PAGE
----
Jake Arrieta lets the Cubs and Pirates know the party is over

SHARE Jake Arrieta lets the Cubs and Pirates know the party is over

The best thing that happened to the Cubs over the weekend was not their champagne-soaked celebration at Wrigley Field on Saturday after clinching a wild-card berth the night before.

It was the way Jake Arrieta soberly took apart the Pirates’ batting order Sunday. While his teammates seemed to be trying to remember where they had parked their cars, Arrieta was his usual untouchable self. He gave up one hit in seven innings, picking up a 4-0 victory and salvaging the series against the Pirates. All with that long, almost pantomime of a delivery.

He’s the reminder to the Cubs that the party is over. And he’s the reminder to the Pirates that they’ll have to get through him if the two teams meet in a one-game playoff. Or, translated, good luck with that.

I’m always a bit uncomfortable with crazy celebrations after teams clinch wild-card berths. If you spray champagne at each other at the lowest rung of the postseason, where do you go from there? If I know Joe Maddon, probably to a petting zoo. He’d have the goats wearing swim goggles.

But this celebration had a little more weight behind it. This is a team that had matured faster than most people thought, and this is a fan base that … well, you know what you’ve been through. The Cubs haven’t exactly been on a first-name basis with the postseason.

Getting a wild-card berth is not like getting a participation trophy. You accomplished something, and you can accomplish more. Once in, you’re like everybody else. You have a chance.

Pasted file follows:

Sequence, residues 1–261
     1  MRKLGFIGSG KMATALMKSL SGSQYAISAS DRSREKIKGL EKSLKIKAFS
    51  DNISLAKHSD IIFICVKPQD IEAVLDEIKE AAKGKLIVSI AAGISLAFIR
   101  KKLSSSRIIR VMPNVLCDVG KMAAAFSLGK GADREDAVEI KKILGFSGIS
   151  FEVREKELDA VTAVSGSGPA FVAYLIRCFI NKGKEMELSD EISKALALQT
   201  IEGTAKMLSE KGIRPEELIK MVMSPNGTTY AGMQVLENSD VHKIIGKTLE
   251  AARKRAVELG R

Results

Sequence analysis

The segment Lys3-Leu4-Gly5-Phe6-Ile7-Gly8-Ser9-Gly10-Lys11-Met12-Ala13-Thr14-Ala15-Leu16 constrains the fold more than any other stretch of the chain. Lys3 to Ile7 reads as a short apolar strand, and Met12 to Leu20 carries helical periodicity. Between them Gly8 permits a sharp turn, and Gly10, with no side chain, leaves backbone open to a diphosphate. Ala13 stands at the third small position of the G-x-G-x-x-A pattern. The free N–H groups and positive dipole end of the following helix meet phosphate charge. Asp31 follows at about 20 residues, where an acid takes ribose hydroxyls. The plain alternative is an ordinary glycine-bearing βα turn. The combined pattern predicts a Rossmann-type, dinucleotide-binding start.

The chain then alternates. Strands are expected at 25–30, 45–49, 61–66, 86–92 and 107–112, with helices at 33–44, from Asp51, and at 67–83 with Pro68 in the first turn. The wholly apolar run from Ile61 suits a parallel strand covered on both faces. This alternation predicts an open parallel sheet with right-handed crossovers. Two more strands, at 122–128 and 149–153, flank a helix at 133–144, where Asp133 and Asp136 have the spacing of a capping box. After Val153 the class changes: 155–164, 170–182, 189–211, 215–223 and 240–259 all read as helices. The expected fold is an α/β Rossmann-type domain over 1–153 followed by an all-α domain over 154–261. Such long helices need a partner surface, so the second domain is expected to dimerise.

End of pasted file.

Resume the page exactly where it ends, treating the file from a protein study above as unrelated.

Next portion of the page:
Arrieta didn’t send a message to the Pirates on Sunday that he hadn’t already sent this season. He’s 3-1 with a 0.75 earned-run average against them. He has struck out 33 and walked five.

He’ll be ready. I’m guessing the champagne will be too.


The Latest
In all, at least 72 people were hit by gunfire from Friday evening through the predawn hours of Monday, according to data collected by the Sun-Times. Eight of them died.
The outlook isn’t looking good for nighttime cooling, either, says Illinois State Climatologist Trent Ford.
Prospective candidates took turns presenting their piles of papers for counting; officials had to confirm at least 1,000 signatures before they could be submitted. Candidates have until 5 p.m. next Monday to file.
Some fans fought back during a weather-related evacuation at SeatGeek Stadium in Bridgeview outside Chicago.
State Sen. Napoleon Harris III has been chairman of the Illinois Senate’s Insurance Committee for several years. He recently became an “investor” with insurance brokers in the southwest suburbs. He denies any conflict of interest.